If you are just beginning your adoption journey and found this post helpful, you might consider buying my book which has all of this information and more, including several chapters on travel.

Guest Post: Adopting an Older Child

This guest post is from Allison who recently adopted a 10 year old boy. They have been home 5 weeks now, 7 weeks since meeting him in China. She shared this post in the Considering Older Child Adoption From China group and agreed to let me post it here on my blog as well. It is a very balanced view of the ups of downs in the early days of adopting an older child.

Edited to add: You can read a 4 month update on Allison’s blog.


WOW, it seems like he’s been in our family much longer! Overall all things have gone very well. The hard stuff we have been going through is pretty much on par with what I expected  and not what I feared could be.

Andrew is 10 years old and will be 11 in December. He was at the orphanage since he was 10 months old. He has a bleeding disorder called hemophilia; it is severe in his case. He was not allowed to go to public school like some of the other boys in the orphanage due to his hemophilia. He was in simple orphanage classes but is able to read Chinese characters but doesn’t know much pinyin. He is familiar with the alphabet but cannot identify all the letters. He had pretty much no English exposure. He can add numbers but not great at subtraction. He does not have any cognitive issue, as far as we know now. He is bright and seems to pick up on things quickly. As far as his age, I believe it is very accurate. He has a Half the Sky scrapbook that chronicles his early years in the orphanage. He is short for his age and only weighed about 50 pounds when we got him (I think he’s gained a couple of pounds since then.) I chalk up this lack of growth mainly to diet and to lack of muscle since he was not allowed to due many physical activities due to his hemophilia.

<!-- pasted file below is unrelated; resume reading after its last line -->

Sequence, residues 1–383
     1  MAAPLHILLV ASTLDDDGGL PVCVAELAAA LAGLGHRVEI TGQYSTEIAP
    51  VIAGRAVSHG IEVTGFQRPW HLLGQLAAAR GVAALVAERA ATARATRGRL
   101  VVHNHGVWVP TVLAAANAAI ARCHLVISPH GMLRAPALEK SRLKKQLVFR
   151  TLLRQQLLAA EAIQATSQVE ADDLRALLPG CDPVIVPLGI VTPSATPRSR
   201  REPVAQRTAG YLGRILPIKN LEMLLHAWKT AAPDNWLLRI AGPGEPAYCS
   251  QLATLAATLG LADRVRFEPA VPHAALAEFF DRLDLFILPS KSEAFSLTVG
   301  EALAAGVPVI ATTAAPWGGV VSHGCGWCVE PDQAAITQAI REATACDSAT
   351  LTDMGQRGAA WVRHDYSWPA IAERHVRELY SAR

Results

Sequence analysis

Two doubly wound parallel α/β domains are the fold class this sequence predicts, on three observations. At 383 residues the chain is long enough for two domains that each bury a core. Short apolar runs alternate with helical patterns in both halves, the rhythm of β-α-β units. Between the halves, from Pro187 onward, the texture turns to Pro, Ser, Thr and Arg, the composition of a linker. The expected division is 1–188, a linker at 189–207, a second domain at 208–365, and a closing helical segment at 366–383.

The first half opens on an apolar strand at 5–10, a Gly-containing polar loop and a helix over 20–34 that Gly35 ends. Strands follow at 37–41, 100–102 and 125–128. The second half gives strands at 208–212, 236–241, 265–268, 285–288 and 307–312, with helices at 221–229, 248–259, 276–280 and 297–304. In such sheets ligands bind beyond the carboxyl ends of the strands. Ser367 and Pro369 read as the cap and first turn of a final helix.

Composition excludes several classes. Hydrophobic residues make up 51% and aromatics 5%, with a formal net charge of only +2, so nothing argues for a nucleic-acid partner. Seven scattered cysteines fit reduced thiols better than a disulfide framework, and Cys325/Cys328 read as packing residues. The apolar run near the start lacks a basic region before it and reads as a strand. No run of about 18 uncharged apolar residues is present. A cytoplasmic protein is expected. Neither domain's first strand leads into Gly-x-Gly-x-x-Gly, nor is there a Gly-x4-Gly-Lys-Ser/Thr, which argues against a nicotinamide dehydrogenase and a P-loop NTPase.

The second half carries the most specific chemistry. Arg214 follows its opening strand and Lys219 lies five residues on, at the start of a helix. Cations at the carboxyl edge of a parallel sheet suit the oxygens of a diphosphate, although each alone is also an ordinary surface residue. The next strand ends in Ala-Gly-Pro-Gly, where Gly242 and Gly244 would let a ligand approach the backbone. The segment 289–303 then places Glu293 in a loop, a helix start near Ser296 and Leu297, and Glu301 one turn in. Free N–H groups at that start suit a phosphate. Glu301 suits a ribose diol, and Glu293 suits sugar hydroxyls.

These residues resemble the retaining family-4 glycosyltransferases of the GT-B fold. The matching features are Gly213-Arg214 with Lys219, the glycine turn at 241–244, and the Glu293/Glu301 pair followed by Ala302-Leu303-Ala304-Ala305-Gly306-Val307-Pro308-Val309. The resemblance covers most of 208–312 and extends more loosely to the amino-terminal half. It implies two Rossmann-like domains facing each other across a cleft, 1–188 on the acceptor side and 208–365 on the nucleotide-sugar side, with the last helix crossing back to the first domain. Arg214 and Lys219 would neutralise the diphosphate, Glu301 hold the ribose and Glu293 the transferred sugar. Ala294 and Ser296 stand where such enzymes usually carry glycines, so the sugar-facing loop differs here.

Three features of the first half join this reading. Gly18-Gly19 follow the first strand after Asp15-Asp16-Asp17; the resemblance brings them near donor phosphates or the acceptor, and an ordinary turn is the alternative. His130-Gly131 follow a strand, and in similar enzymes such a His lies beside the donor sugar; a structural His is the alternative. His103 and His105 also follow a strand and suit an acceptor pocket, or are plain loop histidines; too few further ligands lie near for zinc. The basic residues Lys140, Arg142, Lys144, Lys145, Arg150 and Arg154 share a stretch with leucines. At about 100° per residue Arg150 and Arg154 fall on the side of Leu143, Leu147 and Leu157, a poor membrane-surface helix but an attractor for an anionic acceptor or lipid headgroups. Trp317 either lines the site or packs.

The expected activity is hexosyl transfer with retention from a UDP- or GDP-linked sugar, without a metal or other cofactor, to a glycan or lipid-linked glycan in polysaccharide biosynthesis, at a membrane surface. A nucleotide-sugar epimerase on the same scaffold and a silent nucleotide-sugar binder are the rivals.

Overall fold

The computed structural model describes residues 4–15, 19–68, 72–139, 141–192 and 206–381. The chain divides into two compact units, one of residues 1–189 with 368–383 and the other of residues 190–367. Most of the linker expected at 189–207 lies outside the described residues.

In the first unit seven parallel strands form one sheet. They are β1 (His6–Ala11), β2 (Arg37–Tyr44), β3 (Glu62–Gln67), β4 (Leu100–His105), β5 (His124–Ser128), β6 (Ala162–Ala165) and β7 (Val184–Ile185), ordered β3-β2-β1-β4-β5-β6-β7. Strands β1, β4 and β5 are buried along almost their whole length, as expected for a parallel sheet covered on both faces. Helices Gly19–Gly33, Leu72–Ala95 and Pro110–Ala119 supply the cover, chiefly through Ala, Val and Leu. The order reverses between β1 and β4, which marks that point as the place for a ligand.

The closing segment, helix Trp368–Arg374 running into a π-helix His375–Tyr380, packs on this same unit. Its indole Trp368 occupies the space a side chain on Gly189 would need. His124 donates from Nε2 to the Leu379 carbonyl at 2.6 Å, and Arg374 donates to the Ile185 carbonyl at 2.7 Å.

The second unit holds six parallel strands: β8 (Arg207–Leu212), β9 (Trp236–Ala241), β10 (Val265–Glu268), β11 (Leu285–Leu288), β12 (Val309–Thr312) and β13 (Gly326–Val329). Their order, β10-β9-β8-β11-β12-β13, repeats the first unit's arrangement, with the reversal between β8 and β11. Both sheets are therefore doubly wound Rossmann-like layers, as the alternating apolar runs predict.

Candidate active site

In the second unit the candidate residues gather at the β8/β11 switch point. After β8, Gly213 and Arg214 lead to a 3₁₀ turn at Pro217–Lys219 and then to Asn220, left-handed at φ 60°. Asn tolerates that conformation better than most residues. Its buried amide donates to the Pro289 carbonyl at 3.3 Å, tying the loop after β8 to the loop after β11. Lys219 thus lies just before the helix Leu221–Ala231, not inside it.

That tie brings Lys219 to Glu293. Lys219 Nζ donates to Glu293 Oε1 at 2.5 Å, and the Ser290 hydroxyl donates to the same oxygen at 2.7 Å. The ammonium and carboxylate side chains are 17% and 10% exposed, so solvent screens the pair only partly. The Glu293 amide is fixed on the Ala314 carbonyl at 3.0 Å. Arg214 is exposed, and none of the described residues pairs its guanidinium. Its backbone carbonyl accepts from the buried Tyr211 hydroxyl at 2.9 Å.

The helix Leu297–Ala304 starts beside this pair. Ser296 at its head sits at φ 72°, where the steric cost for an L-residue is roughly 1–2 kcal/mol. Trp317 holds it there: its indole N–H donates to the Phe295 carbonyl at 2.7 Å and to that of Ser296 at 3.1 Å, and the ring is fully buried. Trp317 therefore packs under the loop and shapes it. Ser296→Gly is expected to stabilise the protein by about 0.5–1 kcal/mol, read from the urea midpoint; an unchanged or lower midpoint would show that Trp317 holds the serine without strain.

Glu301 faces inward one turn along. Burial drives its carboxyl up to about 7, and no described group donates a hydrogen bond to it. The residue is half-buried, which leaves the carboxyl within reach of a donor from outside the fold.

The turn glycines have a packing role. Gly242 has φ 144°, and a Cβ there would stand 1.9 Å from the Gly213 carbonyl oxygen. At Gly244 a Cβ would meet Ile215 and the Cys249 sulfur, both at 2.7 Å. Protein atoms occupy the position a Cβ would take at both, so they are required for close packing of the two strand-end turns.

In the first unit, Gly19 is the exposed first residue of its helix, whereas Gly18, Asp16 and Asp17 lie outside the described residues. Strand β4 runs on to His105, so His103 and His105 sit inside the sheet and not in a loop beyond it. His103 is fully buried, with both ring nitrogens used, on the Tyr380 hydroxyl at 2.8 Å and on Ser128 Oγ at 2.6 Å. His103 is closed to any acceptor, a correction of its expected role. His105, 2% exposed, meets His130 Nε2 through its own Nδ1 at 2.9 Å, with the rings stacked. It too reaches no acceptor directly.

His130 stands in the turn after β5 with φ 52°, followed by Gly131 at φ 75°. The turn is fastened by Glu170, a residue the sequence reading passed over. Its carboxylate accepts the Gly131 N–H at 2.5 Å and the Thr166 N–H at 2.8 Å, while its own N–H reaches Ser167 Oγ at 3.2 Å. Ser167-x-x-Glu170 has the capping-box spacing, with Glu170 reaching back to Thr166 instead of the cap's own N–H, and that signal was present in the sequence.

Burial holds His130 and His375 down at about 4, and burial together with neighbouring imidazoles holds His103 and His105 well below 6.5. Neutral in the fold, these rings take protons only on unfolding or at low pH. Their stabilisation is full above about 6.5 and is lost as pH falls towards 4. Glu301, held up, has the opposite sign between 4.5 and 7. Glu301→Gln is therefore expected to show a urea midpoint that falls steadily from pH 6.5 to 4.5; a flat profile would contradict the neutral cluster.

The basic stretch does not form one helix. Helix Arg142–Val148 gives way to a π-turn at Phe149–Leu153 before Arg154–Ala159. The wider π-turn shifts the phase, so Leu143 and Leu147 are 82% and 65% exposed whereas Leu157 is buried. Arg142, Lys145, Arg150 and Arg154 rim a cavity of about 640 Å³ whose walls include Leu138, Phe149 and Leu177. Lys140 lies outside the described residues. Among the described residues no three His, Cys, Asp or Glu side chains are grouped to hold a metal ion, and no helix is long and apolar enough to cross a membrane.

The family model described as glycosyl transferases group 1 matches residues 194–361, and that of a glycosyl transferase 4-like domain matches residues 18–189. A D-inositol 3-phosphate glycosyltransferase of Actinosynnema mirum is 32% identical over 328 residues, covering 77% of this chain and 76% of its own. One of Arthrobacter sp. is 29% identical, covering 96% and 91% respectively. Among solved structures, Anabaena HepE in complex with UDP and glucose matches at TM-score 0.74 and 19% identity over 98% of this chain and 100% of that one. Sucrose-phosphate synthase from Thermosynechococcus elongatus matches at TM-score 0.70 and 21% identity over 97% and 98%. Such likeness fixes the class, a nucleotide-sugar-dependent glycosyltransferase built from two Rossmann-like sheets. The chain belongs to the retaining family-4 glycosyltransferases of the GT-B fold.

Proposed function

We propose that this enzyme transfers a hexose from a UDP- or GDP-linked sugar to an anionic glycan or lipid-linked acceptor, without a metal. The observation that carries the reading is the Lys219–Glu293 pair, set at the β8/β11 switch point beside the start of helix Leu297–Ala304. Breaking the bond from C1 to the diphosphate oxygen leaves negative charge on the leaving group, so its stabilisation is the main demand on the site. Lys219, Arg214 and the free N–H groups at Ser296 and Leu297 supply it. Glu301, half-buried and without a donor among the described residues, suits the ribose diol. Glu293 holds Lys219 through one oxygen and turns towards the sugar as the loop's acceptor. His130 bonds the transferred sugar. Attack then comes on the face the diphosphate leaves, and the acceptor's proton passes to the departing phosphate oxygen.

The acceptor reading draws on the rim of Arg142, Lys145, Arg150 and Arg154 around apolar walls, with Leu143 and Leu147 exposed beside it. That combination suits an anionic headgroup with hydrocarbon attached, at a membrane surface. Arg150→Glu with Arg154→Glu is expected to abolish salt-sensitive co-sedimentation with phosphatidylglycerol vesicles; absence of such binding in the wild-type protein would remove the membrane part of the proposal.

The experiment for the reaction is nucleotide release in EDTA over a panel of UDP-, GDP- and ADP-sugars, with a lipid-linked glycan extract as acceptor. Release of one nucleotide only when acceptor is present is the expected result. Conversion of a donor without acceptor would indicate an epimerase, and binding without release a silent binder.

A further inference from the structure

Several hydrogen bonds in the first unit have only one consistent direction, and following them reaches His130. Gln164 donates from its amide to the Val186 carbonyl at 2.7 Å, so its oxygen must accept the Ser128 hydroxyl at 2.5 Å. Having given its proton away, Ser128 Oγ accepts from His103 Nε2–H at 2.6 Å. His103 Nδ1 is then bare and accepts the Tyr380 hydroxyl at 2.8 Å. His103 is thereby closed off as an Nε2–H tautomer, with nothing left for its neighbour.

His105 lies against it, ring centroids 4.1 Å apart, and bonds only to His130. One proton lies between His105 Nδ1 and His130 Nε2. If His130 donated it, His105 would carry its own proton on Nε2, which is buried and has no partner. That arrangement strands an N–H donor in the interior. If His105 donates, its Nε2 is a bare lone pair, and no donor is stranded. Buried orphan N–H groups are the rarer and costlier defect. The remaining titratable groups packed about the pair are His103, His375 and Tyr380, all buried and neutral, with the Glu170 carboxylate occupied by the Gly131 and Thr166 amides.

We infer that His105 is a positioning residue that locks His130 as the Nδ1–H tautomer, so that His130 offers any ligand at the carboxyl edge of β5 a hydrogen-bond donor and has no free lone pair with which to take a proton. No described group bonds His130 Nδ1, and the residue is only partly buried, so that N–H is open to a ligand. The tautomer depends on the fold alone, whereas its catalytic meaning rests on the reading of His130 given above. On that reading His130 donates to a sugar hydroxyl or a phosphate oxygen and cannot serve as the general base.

As far as attachment, he’s doing beautifully. Really amazingly well. His was one of those dream adoptions where you feel instantly connected to the child from the moment you meet them. We had video chatted some and that helped, but of course hard to prepare you for meeting in person. He is the type of person that makes you fall in love instantly. It’s just who he is. He’s got a genuine smile that comes from deep in his soul and it melts your heart. It’s all him. It’s not us, believe me. My goal was to try to go into the adoption trip with no expectations, just be open to who he was and what he behaved liked, etc. That is hard to do. We brought our 9 year old bio son and that helped as well. It was good for both of them. He started calling us Mama and Baba right away (now it’s mommy and daddy), he wanted to be called Andrew right away. I instantly felt like he was my son. I can’t explain why and I know it’s not the norm, but that’s how it was for me:)

14721458_10210838971436070_7058250333556207044_nAndrew is an extrovert and thrives on social interaction and needs to be engaged with people.